SGML entity

SGML entity

In SGML and its derived markup languages HTML and XML, an entity is a named body of data associated with a document, or the unnamed "document entity" itself. Once defined, a named entity can be referenced any number of times within the document, via "entity references".

An entity typically consists of a sequence of one or more characters, either encapsulated within a declaration of the entity's existence, or encoded and stored externally in a text file. Such entities and their references are comparable to macros and include files in programming languages. However, entities don't necessarily have to contain parseable text; they may also be binary files that are included in a document only by reference, with the entity name as the value of an ENTITY-type attribute.

Types of entities

Entities are classified as general or parameter:
* A "general" entity can only be referenced within the document content.
* A "parameter" entity can only be referenced within the DTD.

Entities are further classified as internal or external:
* An "internal" entity exists within its own declaration.
* An "external" entity exists in an external file.

Entities are also further classified as parsed or unparsed:
* A "parsed" entity contains text which will be incorporated into the document and parsed, if the entity is referenced. A parameter entity can only be a parsed entity.
* An "unparsed" entity contains any kind of data, and a reference to it will result in the application merely being notified of the entity's presence; the content of the entity will not be parsed, even if it is text. An unparsed entity can only be external.


An entity is defined via an "entity declaration" in a document's DTD. For example:

<!ENTITY greeting1 "Hello world"> <!ENTITY greeting2 SYSTEM "file:///hello.txt"> <!ENTITY % greeting3 "¡Hola!"> <!ENTITY greeting4 "%greeting3; means Hello!">

This DTD markup declares the following:
* An internal general entity named "greeting1" exists and consists of the string "Hello world".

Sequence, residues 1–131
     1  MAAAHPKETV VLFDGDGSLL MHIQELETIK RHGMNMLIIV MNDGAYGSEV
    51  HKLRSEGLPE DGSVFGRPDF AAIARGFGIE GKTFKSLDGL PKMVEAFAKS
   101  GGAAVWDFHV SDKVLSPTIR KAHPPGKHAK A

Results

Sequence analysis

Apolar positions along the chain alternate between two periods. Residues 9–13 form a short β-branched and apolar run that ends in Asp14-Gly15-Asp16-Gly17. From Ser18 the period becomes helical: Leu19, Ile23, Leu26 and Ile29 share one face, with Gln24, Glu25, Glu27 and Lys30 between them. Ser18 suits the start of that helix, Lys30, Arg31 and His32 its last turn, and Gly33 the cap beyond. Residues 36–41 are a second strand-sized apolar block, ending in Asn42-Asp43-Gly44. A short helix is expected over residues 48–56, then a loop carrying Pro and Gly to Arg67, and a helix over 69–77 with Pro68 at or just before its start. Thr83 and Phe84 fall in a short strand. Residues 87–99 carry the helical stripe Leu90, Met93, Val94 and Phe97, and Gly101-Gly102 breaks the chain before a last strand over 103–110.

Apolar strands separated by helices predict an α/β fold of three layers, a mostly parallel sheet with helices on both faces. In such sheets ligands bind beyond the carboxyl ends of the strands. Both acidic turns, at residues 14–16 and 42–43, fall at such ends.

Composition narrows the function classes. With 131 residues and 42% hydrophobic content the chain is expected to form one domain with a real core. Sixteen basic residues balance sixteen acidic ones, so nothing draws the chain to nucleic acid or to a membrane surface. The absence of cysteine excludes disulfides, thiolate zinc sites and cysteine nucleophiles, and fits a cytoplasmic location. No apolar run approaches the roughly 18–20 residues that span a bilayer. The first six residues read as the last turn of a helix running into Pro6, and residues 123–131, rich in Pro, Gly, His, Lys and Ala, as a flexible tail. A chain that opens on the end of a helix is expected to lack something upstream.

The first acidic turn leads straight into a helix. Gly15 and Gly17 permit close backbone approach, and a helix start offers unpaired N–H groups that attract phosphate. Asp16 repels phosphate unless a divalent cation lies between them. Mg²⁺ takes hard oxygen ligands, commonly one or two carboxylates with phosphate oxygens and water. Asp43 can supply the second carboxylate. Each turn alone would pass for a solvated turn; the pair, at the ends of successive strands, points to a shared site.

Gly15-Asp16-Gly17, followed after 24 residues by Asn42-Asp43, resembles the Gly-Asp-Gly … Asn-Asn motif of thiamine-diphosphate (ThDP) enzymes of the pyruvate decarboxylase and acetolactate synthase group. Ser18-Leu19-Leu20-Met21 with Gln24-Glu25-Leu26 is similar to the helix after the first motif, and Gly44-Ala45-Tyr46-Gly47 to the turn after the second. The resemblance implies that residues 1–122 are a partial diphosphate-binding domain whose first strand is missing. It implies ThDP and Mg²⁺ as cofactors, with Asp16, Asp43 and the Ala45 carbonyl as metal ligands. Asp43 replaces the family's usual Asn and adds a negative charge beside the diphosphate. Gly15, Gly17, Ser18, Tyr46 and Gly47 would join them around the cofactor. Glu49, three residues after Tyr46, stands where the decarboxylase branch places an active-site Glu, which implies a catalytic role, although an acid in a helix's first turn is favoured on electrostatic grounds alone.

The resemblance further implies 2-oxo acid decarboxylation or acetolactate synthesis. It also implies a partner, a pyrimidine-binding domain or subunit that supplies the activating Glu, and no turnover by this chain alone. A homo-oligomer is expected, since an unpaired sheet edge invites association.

* An external general entity named "greeting2" exists and consists of the text found in the resource identified by the URI "file:///hello.txt".
* An internal parameter entity named "greeting3" exists and consists of the string "¡Hola!".
* An internal general entity named "greeting4" exists and consists of the string "¡Hola! means Hello!".

Names for entities must follow the rules for SGML names, and there are limitations on where entities can be referenced.

Parameter entities are referenced by placing the entity name between "%" and ";". Parsed general entities are referenced by placing the entity name between "&" and ";". Unparsed entities are referenced by placing the entity name in the value of an attribute declared as type ENTITY.

The general entities from the example above might be referenced in a document as follows:

<content> <info>'&greeting1;' is a common test string.</info> <info>The content of hello.txt is: &greeting2;</info> <info>In Spanish, &greeting4;</info> </content>

When parsed, this document would be reported to the downstream application the same as if it has been written as follows, assuming the hello.txt file contains the text "Salutations":

<content> <info>'Hello world' is a common test string.</info> <info>The content of hello.txt is: Salutations</info> <info>In Spanish, ¡Hola! means Hello!</info> </content>

A reference to an undeclared entity is an error unless a default entity has been defined. For example:

<!ENTITY DEFAULT "This entity is not defined">

Additional markup constructs and processor options may affect whether and how entities are processed. For example, a processor may optionally ignore external entities.

In SGML, entities have additional capabilities and nuances that are not described here.

In HTML, the DTDs are immutable; new entities cannot be defined. In XML, new entities can be defined, but XML only supports a limited subset of SGML entity functionality.

Character entities

Standard entity sets for SGML and some of its derivatives have been developed as mnemonic devices, to ease document authoring when there is a need to use characters that are not easily typed or that are not widely supported by legacy character encodings. Each such entity consists of just one character from the Universal Character Set. Although any character can be referenced using a numeric character reference, a character entity reference allows characters to be referenced by name instead of code point.

HTML 4, for example, has 252 built-in character entities that don't have to be explicitly declared. XML has five. XHTML has the same five as XML, but if its DTDs are explicitly used, then it has 253 (' being the extra entity).

The terms "entity", "character entity", "character reference", "character entity reference", and "entity reference" are often used interchangeably.

ee also

* List of XML and HTML character entity references

External links

* [ Entity Management in SGML]

Wikimedia Foundation. 2010.

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